The Justice Ministry is working on a new amendment to the penal code that aims to reform the way that the media, law enforcement authorities and criminal suspects interact. The bill proposes to prohibit the media from releasing raw evidence and testimonies from the interrogation room. If the bill is passed, anyone who violates it could be sentenced to a year in jail.
The state intends to enact a series of restrictions that would serve as a sweeping gag order on all investigatory materials. For instance, if the amendment would have been in effect when former President Moshe Katsav was being investigated, while still in office, his rape victims' testimonies could not have been released to the public. The publication of information surrounding inquiries into public officials or any other incidents of significance would be restricted under the amendment.
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The proposal is being backed by a number of state bodies; the Israel Police, which seeks to limit disruptions to investigations and to avoid public relations blunders; the Justice Ministry's Public Defense unit, which wants to prevent leaks made by the prosecution and the police; and the State Prosecutor's Office, whose interest is to protect the purity of court proceedings. Their solution is to forbid news outlets from releasing these details.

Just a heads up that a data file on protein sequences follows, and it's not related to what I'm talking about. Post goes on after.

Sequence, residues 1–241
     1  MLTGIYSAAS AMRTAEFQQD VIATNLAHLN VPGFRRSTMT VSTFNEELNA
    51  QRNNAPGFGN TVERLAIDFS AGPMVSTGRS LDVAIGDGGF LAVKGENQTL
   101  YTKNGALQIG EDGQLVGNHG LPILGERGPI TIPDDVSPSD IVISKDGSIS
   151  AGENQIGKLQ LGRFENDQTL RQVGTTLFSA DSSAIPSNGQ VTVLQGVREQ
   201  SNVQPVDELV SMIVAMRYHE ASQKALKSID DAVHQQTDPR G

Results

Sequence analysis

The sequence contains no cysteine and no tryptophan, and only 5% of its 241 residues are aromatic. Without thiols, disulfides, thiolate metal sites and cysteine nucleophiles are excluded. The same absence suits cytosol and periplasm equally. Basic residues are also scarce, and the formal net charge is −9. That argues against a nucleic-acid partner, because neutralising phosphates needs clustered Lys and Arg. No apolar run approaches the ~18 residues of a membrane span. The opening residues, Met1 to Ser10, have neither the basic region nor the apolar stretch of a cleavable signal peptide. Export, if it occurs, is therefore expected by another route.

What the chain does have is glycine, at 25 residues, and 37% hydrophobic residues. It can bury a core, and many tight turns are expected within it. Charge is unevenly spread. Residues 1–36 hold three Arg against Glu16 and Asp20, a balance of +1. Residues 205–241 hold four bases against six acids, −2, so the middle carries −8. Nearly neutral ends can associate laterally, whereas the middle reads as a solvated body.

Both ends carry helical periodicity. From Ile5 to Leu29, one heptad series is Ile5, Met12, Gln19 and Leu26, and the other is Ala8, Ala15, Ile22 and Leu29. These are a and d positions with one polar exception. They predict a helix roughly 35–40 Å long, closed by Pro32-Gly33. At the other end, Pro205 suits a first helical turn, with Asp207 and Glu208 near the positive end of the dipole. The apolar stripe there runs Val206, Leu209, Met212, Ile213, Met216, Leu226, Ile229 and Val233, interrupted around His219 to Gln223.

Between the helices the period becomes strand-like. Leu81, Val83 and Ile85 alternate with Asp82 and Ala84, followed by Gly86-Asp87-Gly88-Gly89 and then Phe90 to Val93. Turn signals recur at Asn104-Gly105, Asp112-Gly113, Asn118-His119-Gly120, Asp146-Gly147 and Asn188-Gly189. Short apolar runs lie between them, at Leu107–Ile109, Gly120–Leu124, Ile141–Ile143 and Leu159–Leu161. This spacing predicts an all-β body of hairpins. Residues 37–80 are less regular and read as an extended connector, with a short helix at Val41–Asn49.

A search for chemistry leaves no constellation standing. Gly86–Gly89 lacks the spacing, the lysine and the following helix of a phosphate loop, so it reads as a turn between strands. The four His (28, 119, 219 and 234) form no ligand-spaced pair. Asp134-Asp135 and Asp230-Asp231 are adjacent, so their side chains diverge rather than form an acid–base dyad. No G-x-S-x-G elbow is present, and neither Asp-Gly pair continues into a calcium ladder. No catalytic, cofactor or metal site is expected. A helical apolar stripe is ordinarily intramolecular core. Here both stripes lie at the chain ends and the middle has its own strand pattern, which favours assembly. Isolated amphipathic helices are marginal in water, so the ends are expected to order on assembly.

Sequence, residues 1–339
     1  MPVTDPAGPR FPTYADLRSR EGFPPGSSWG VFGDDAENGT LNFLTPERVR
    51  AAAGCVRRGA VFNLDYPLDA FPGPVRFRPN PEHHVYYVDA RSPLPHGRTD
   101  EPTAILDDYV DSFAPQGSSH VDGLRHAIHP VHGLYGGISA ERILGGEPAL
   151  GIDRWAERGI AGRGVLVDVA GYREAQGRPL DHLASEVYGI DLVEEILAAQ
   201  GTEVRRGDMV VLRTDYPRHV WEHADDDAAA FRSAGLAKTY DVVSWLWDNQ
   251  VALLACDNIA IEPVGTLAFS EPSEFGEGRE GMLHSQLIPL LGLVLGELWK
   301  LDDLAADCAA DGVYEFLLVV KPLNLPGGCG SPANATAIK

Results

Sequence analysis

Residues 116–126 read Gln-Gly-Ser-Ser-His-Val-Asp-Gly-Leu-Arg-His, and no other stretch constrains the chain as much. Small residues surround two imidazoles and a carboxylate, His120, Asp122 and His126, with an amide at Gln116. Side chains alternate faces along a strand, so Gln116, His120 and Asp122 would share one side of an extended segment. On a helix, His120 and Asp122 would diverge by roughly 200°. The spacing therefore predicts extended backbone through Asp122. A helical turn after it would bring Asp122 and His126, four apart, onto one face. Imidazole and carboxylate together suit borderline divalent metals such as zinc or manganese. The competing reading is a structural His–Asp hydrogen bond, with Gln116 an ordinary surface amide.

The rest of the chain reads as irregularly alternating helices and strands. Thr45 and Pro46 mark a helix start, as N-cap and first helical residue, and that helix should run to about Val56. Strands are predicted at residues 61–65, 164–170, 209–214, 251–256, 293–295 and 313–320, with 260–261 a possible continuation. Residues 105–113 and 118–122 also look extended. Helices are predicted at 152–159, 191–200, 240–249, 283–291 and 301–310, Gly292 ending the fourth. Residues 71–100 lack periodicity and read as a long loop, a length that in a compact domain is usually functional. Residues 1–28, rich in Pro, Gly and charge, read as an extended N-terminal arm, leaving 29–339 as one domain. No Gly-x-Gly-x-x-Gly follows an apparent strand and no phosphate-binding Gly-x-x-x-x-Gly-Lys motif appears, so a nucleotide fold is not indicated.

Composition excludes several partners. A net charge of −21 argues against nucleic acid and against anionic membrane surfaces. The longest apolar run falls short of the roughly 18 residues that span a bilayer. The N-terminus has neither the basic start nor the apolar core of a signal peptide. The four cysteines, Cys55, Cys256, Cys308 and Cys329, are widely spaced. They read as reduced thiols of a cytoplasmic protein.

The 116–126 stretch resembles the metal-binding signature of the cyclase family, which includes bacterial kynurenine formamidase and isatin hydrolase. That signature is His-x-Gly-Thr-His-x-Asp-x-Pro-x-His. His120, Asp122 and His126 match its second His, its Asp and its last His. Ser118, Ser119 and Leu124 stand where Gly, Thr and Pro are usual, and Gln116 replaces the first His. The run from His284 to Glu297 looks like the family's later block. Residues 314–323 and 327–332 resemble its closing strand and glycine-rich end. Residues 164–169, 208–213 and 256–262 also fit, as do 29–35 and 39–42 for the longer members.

State Prosecutor Moshe Lador (Photo: Gil Yohanan)
The amendment would require reporters to get the court's permission to release information about an investigation and prohibit public officials or anyone else to transfer materials from an investigation case. Furthermore, all investigation materials and photographs or videos taken during law enforcement activity could be placed under an indefinite gag order.
Officials discuss bill
Currently, court permission is required only for the publication of video and audio recorded during an interrogation. Testimonies and other evidence are allowed to be released, excluding cases involving minors, rape victims and other restricted cases.
The limitations laid out in the proposal wouldn't apply exclusively to cases where criminals are indicted or convicted. A defendant who is vindicated in trial, for example, would not be able to disclose the details of his investigation without the court's approval.
The bill was discussed in a conference on Wednesday, which was attended by Attorney General Yehuda Weinstein, Justice Ministry Director General Guy Rotkopf, State Prosecutor Moshe Lador and representatives of the media, the Public Defense unit, the police and other government bodies.
The Justice Ministry said that all the involved parties had the opportunity to present their arguments over the bill, which is still in its very early stages.
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